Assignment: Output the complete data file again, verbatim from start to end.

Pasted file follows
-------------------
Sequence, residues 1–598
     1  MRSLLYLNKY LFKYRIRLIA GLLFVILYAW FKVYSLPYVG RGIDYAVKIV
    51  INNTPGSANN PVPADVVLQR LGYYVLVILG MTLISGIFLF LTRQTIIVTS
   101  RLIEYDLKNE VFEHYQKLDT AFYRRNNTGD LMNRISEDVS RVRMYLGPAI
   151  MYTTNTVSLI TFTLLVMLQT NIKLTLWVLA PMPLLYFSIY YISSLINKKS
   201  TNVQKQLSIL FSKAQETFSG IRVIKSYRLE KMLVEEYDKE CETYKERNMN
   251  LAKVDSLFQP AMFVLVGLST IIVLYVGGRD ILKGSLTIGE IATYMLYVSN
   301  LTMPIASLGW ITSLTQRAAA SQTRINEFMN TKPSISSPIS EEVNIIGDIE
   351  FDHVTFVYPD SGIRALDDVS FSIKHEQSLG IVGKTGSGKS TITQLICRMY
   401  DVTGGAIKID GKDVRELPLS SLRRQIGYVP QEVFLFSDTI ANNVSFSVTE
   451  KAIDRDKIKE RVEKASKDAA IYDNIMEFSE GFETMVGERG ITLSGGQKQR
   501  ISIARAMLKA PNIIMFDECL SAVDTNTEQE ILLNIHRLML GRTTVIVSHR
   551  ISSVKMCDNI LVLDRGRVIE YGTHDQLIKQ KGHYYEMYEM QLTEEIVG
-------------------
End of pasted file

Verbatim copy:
Sequence, residues 1–598
     1  MRSLLYLNKY LFKYRIRLIA GLLFVILYAW FKVYSLPYVG RGIDYAVKIV
    51  INNTPGSANN PVPADVVLQR LGYYVLVILG MTLISGIFLF LTRQTIIVTS
   101  RLIEYDLKNE VFEHYQKLDT AFYRRNNTGD LMNRISEDVS RVRMYLGPAI
   151  MYTTNTVSLI TFTLLVMLQT NIKLTLWVLA PMPLLYFSIY YISSLINKKS
   201  TNVQKQLSIL FSKAQETFSG IRVIKSYRLE KMLVEEYDKE CETYKERNMN
   251  LAKVDSLFQP AMFVLVGLST IIVLYVGGRD ILKGSLTIGE IATYMLYVSN
   301  LTMPIASLGW ITSLTQRAAA SQTRINEFMN TKPSISSPIS EEVNIIGDIE
   351  FDHVTFVYPD SGIRALDDVS FSIKHEQSLG IVGKTGSGKS TITQLICRMY
   401  DVTGGAIKID GKDVRELPLS SLRRQIGYVP QEVFLFSDTI ANNVSFSVTE
   451  KAIDRDKIKE RVEKASKDAA IYDNIMEFSE GFETMVGERG ITLSGGQKQR
   501  ISIARAMLKA PNIIMFDECL SAVDTNTEQE ILLNIHRLML GRTTVIVSHR
   551  ISSVKMCDNI LVLDRGRVIE YGTHDQLIKQ KGHYYEMYEM QLTEEIVG